Overview and a warning. (photo © Spencer Elzey)
Cockatoo Island is the Governor’s Island of Sydney. The ferry leaves Circular Quay, motors beside the shimmering tiles of the Sydney Opera House, sweeps underneath the arching Harbor Bridge and the tourist who pay $200 for a chance to climb the upper deck above. Twenty minutes later, a large “No Trespassing” sign begins to become in focus. We have arrived at the Outpost Project.
Anthony Lister. (photo © Spencer Elzey)
The island, who’s past includes an old Imperial prison and one of Australia’s largest shipyards, welcomes each street art enthusiast with a detailed information brochure. The inner cover contains a fairly easy to follow map of what lies ahead. Right away three large inflatables (imagine a small grounded hot air balloon) greet you adorned with Anthony Lister’s iconic caricatures. The info packet says it best when describing the images; the “superheroes are never indomitable conquerors or unequivocal villains.” Straddled by two of these is a large piece by Belgium artist, and frequent Brooklyn talent, ROA.
ROA. (photo © Spencer Elzey)
Follow the art around the corner through a mural-lined alley between two buildings and some familiar styles present themselves including the stick-figure arms by Perth Street Artist Creepy.
Creepy and Daek. (photo © Spencer Elzey)
The second floor of one of these buildings is the current home to a large private collection of work by Banksy. The OI YOU! Collection had an interesting start, but where it currently stands is 22 pieces by Banksy. Intermixed are items by Faile, Swoon and others. The husband and wife team collecting behind OI YOU!, George Shaw and his wife Shannon Webster, sold both of their cars and re-directed a home improvement loan to feed their need for owning more street art.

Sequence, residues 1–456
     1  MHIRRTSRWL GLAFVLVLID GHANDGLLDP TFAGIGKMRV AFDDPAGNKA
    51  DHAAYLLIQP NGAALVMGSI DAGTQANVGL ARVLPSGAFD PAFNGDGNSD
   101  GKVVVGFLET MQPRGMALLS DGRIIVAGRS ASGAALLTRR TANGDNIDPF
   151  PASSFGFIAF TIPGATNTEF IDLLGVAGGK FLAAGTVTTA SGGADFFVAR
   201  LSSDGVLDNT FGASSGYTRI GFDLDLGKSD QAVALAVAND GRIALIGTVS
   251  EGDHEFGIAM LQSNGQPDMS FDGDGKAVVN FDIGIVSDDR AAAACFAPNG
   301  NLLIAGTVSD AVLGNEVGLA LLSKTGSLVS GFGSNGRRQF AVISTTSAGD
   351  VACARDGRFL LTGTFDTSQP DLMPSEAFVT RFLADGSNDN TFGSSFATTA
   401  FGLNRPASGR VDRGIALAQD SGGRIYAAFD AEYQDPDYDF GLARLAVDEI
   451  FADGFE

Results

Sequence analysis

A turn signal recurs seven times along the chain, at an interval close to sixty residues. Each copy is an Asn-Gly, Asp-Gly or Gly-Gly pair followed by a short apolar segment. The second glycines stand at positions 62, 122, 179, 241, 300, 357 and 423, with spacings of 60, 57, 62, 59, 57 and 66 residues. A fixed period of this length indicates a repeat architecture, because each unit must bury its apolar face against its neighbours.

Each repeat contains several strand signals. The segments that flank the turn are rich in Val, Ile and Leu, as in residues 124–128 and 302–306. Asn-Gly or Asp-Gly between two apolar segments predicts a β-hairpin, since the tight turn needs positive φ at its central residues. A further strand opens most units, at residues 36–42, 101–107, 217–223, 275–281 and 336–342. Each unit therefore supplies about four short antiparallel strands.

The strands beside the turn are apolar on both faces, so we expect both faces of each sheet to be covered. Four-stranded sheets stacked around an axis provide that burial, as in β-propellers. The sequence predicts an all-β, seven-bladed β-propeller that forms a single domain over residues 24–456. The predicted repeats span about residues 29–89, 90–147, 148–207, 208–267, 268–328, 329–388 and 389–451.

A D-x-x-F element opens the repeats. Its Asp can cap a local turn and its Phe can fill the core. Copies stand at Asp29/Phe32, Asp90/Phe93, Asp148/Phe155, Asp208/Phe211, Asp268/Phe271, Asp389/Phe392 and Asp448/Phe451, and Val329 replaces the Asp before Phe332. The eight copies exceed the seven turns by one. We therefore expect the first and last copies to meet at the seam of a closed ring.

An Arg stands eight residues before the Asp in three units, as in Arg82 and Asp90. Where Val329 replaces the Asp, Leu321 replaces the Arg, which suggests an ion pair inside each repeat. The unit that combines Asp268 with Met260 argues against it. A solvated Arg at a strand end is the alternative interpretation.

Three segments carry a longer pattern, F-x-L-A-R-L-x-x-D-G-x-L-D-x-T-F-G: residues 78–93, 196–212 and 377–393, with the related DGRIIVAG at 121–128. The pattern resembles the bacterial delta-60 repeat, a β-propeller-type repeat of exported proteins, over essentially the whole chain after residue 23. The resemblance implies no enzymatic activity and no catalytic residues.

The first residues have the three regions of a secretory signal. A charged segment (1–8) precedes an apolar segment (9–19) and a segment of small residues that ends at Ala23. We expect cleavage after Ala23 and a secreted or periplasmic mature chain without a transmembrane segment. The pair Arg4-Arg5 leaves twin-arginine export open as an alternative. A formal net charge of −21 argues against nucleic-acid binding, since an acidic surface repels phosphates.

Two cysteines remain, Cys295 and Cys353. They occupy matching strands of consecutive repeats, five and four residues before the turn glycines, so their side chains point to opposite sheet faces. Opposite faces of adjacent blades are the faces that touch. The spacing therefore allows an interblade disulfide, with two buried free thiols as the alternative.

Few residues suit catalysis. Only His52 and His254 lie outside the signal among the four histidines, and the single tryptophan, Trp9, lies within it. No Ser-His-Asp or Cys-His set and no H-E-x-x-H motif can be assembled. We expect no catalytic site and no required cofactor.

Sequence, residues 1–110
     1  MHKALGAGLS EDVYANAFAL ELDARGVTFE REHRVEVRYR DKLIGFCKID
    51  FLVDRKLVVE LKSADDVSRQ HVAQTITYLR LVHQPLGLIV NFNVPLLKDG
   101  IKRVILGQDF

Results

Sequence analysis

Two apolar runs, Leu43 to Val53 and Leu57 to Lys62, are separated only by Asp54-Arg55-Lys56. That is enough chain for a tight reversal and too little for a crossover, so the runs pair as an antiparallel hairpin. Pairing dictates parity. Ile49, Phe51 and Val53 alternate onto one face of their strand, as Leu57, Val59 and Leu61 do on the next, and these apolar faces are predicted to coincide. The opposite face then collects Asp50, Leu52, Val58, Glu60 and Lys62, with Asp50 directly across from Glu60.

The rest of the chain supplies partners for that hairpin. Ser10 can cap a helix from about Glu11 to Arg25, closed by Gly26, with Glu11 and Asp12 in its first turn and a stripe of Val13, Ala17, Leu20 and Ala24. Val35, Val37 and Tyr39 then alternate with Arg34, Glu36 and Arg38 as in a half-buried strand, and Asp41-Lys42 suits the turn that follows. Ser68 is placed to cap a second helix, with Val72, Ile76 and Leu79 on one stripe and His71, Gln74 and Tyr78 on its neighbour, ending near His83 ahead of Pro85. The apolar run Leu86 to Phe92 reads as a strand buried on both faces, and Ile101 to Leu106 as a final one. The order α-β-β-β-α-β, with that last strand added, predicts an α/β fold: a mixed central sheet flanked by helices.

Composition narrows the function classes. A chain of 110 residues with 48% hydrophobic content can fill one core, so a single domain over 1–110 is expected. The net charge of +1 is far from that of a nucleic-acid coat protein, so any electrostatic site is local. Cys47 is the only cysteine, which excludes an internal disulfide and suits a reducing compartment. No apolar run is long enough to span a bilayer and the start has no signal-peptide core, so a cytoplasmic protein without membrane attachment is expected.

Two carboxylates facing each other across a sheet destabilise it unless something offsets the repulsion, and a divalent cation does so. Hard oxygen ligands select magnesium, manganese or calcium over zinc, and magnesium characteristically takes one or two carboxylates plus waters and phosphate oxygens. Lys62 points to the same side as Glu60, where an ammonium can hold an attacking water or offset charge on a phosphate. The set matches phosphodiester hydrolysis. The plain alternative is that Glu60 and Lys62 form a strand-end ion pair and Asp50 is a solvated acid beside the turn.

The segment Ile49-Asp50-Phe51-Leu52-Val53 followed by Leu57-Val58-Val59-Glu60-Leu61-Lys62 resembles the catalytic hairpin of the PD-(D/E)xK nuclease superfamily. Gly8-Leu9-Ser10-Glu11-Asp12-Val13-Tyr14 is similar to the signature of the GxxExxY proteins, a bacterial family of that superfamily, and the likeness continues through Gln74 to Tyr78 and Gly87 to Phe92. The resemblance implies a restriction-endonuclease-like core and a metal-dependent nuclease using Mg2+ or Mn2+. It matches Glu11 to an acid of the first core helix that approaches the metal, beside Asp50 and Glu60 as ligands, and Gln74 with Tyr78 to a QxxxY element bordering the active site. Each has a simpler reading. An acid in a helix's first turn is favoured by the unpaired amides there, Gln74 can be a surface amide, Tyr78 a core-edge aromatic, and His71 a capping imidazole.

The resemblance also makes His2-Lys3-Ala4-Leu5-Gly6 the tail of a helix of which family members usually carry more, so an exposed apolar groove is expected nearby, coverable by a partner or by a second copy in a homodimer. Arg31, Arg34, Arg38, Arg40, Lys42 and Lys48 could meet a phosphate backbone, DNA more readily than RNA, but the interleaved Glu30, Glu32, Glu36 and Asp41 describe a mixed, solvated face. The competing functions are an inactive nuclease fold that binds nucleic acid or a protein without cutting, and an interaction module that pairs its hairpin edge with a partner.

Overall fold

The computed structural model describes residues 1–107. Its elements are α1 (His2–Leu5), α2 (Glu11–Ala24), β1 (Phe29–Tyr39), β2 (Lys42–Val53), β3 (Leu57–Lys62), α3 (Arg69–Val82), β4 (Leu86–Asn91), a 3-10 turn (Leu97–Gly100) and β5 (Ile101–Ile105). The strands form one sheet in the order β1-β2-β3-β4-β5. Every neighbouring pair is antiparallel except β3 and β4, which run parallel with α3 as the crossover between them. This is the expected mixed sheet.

Kid Zoom…and documentation of the destruction of three Holden Commodores. (photo © Spencer Elzey)
Inside the main building, known as the Industrial Precinct, MOX (Mark Cawood) is hard at work. After over 120 hours of intricate stencil cutting, his diligence is well on its way toward a completed final product. At the end of the hall, behind the small traffic jam of mangled cars, is a life size recreation of the childhood home of Street Artist and fine artist Kid Zoom.
Kid Zoom. “Home” The artist recreate a scale reproduction of his childhood home from early adolescent memory… (photo © Spencer Elzey)
Located deeper within the hall of the Industrial Precinct are two other impressive arrays; NEXT by T-World and Pastemodernism 3. Both of these installations, while serious in their scope, were whimsical at heart. The NEXT collection, overseen by “Melbourne-born T-shirt messiah Eddie Zammit,” asks 20 artists to assemble over 1,500 T-shirts to display. Local shout-outs included Barcade in Williamsburg and Katz’s Deli on Manhattan’s Lower East Side. Pastemodernism 3, now in it’s third year at OUTPOST, is the self-proclaimed “largest celebration of ‘paste-ups’ in Australia.” Over 100 artists had a part in this collaboration.
A view of the T Shirt installation. (photo © Spencer Elzey)
Traversing the Artery, a limestone lined subterranean tunnel, one passes by a “rogue gallery of 30 hand picked Australian street artists” including HA HA, Ghostpatrol, Numskull, Dmote and Yok, just to name a few.
The Art Gallery in the Tunnel. (photo © Spencer Elzey)
Upon exiting, you end up back at the beginning, next to the “No Trespassing” sign and amongst a collection by Will Coles. His concrete cast items, usually adorned with a word or two, are lifelike enough even the Seagulls seemed a bit confused.